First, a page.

Enquiry areas: Are national policies around support for children and young people with complex additional support needs well understood? What would the system look like if national policies were followed? Are there any areas where policies are lacking or contradicting each other?
The research found a high awareness of national policies around the support for children and young people with complex additional support needs, and a strong perception amongst participants (including school staff, system stakeholders and parents/carers) that the policy intentions are positive. There was acknowledgement amongst participants that the policy and legislation is comprehensive, and if national policy had universal comprehension and adherence then the Scottish education system would be ‘Getting it Right for Every Child’.
However, there are challenges regarding the understanding and implementation of national policy, which can, at times, lead to perceived conflicts in policy.
An example of this perceived conflict is the relationship between ‘Getting it Right for Every Child’ and the presumption of mainstream. Some school staff and parents/carers reported feeling that, at times, the presumption of mainstream means that children and young people are placed in mainstream schools when they are unlikely to thrive there. They felt that if a child or young person is viewed as being able to cope with a full time placement in mainstream school then that is where they are placed, even if they are unable to flourish in that environment.
‘The goal has got to be different - the goal should not be for them to physically tolerate mainstream, the goal should be for them to thrive’ (Parent of a child now attending a local authority special school)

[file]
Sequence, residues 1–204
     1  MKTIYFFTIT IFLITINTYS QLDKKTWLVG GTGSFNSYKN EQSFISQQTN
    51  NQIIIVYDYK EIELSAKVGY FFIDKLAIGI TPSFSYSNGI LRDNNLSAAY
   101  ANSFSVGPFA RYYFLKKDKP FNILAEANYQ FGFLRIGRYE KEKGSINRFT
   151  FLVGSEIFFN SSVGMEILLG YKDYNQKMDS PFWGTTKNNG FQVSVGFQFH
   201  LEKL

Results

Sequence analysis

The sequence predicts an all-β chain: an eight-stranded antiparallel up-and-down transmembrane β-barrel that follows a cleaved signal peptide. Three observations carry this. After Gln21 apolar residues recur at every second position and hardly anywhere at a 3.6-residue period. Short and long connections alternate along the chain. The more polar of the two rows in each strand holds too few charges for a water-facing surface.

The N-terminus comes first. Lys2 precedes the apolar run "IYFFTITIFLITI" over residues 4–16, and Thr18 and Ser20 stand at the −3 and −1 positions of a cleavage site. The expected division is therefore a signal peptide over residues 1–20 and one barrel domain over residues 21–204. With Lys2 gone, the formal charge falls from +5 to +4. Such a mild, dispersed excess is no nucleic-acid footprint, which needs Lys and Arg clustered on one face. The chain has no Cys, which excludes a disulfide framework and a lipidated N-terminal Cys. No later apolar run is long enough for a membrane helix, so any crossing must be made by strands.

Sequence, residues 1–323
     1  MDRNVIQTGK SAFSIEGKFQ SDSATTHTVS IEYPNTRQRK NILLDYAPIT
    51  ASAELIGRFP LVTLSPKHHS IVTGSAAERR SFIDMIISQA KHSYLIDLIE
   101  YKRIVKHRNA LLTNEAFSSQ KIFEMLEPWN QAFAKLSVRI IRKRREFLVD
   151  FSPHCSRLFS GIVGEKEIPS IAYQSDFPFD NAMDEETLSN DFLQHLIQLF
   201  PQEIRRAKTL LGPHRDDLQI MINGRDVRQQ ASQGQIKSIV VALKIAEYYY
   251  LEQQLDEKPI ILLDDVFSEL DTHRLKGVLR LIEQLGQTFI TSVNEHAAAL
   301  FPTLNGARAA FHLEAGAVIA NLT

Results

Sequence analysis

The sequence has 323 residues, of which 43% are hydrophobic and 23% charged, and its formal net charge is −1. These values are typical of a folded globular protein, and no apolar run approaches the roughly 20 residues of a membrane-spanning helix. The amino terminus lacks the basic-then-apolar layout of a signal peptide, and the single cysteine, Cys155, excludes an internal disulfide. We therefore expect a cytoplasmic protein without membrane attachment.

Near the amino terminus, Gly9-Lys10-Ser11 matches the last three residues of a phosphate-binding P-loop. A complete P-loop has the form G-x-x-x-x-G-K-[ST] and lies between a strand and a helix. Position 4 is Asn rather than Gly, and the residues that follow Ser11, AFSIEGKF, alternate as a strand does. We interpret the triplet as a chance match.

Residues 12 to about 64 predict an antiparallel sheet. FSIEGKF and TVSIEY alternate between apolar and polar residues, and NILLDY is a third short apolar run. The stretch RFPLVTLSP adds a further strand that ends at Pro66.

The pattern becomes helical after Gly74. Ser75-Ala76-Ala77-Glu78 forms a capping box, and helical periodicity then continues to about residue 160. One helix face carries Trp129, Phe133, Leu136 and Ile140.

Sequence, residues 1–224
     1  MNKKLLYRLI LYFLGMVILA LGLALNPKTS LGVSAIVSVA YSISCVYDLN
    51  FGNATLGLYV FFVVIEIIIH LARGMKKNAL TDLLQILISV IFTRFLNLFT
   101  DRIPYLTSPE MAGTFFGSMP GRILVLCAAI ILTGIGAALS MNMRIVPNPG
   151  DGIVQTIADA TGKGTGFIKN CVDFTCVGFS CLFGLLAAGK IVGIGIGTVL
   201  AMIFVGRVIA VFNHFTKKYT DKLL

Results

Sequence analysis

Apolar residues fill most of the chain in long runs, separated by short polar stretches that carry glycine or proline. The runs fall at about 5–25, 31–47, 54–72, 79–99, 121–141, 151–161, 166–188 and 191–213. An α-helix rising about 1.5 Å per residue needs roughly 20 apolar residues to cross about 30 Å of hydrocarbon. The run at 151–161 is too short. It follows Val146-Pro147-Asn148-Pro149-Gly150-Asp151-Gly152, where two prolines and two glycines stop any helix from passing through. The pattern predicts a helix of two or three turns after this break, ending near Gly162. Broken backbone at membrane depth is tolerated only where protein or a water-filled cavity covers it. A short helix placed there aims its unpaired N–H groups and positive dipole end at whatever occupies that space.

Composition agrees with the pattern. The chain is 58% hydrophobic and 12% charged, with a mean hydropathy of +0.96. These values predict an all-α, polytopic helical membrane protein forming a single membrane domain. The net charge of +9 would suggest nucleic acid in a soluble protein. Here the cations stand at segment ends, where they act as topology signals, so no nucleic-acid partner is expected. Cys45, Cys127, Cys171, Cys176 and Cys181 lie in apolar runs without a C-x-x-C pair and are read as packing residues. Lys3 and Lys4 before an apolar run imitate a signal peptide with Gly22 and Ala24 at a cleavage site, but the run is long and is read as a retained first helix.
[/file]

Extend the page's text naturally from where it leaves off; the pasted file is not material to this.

‘The presumption of mainstreaming has done some children a disservice’ (Teacher in a special school)
The relationship between the presumption of mainstreaming and other policy has been raised in other papers and guidance. For example, Sheila Riddell states and illustrates through case studies, that:
‘At times, the twin discourses of inclusion and rights appear to be operating in harmony, but at other times, tensions are apparent as parents and children request access to types of education which may appear to contradict the fundamental principle of inclusion.’
Riddell explores the relationship between the presumption of mainstreaming and the focus on children and parents’ rights in policy broadly, rather than a specific policy. The findings of Riddell align with the findings of this research as GIRFEC has a strong focus on children and parents having choice and participating in decisions that affect them.
In 2019, ‘Guidance on the presumption of providing education in a mainstream setting’ was published. In the Ministerial Forward, the Deputy First Minister and Cabinet Secretary for Education and Skills at the time of publication, John Swinney MSP, said that the aim of the guidance was ‘bridge the gap between legislation, policy and day-to-day experience’. The former Deputy First Minister also notes that while the legislation and policy in relation to an inclusive approach to education in Scotland are world-leading, the experience of inclusion is not always reflective of this: